I think you have a good point there Vern.  I wonder if anyone have counted on how much energy it would take to move the milky way :) But then again I'm not sure what energy  would be seen as before it's in our 'neighborhood'. I don't write 'sapcetime' as I suspect that this vacuum may have a different view on it than we do? Even though it all should belong together, possibly :)

But the Milky Way and other galaxies are not moving due to expansion. Nothing is pushing them apart. Space is expanding but the galaxies are stationary within space.

In any case, whole superclusters of galaxies are moving due to gravity and that is a very weak force compared to EM, and the weak & strong forces.
 

Offline yor_on

  • Naked Science Forum GOD!
  • *******
  • Posts: 11999
  • Thanked: 4 times
  • (Ah, yes:) *a table is always good to hide under*
    • View Profile
Can we measure 'expansion'
« Reply #13 on: 14/03/2009 11:28:07 »
DB you are correct in that it's space that is expanding, but that must 'push' on those galaxies too. So either it is a 'force' acting upon space. In that case the energy inherent in that force seems to be enormous, or else it's something totally different and 'force'  shouldn't be used for describing it, assuming that there is a expanding universe and that the culprit is vacuum.
 

Offline DoctorBeaver

  • Naked Science Forum GOD!
  • *******
  • Posts: 12656
  • Thanked: 3 times
  • A stitch in time would have confused Einstein.
    • View Profile
Can we measure 'expansion'
« Reply #14 on: 14/03/2009 11:43:13 »
DB you are correct in that it's space that is expanding, but that must 'push' on those galaxies too.

But that implies the galaxies are moving due to the expansion and they aren't. Within their bit of space they are stationary apart from their movement due to gravity.
 

Offline Vern

  • Neilep Level Member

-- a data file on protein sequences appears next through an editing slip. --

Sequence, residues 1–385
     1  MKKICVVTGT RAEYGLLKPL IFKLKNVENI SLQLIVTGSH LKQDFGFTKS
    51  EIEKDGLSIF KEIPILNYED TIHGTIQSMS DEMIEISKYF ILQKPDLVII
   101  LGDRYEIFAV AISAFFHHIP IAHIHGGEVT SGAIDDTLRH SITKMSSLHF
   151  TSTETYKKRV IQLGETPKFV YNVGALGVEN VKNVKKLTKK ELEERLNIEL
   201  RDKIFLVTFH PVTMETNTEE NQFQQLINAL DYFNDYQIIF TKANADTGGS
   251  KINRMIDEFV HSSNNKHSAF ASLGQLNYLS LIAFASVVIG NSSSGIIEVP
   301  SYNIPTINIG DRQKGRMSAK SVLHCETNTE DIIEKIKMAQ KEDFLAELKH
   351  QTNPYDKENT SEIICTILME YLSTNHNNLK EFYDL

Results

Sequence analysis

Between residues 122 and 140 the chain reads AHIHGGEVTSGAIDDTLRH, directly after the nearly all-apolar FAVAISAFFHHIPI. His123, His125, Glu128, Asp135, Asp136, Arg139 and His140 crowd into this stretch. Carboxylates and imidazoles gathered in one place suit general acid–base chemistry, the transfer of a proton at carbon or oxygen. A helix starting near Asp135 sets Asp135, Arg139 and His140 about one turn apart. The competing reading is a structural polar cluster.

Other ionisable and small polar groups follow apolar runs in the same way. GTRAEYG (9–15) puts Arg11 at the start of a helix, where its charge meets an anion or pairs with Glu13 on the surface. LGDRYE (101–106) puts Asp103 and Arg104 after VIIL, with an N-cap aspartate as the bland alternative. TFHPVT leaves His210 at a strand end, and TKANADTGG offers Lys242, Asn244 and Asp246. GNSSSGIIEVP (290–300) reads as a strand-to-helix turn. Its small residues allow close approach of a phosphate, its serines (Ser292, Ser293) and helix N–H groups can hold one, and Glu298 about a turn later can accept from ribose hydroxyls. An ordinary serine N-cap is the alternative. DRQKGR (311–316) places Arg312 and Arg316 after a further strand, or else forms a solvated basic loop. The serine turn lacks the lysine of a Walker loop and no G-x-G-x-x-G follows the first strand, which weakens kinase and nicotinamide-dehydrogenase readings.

• ******
  • Posts: 2072
    • View Profile
    • Photonics
Can we measure 'expansion'
« Reply #15 on: 14/03/2009 13:45:33 »
I don't think I have ever seen an in-detail description of just exactly how this expansion of space is taking place. Space is expanding, but galaxies are not? The concept seems to still be evolving. The scenario is a little different each time I get a description of it.
 

Offline DoctorBeaver

  • Naked Science Forum GOD!
  • *******
  • Posts: 12656
  • Thanked: 3 times
  • A stitch in time would have confused Einstein.
    • View Profile
Can we measure 'expansion'
« Reply #16 on: 14/03/2009 14:14:40 »
The expansion is happening inside galaxies but the force of gravity is stronger and is holding it in check. At least, that is what the theory says.

Just a thought:

Could that explain why gravity is so weak compared to the other forces? That it is being acted against by (is in opposition to) expansion? If there is this other force trying to push everything apart while gravity is trying to pull it all together, that would surely have the effect of making gravity appear weaker than it really is.
« Last Edit: 14/03/2009 14:20:04 by DoctorBeaver »
 

Offline Vern

  • Neilep Level Member
  • ******
  • Posts: 2072
    • View Profile
    • Photonics
Can we measure 'expansion'
« Reply #17 on: 14/03/2009 14:21:33 »
Okay, that makes sense; I had heard that before. I didn't know if we had settled on that concept. If we know that much, we must also know how great is this force, and it must then be a fifth force of nature. Maybe it is mediated by an expansiton, or maybe even a Chronaton. Unification theorists should love that :)
« Last Edit: 14/03/2009 14:23:50 by Vern »
 

Offline DoctorBeaver

  • Naked Science Forum GOD!
  • *******
  • Posts: 12656
  • Thanked: 3 times
  • A stitch in time would have confused Einstein.
    • View Profile
Can we measure 'expansion'
« Reply #18 on: 14/03/2009 14:24:14 »
Okay, that makes sense;

I made sense? Me? Made sense?  [:0]
 

Offline Vern

  • Neilep Level Member
  • ******
  • Posts: 2072
    • View Profile
    • Photonics
Can we measure 'expansion'
« Reply #19 on: 14/03/2009 14:39:16 »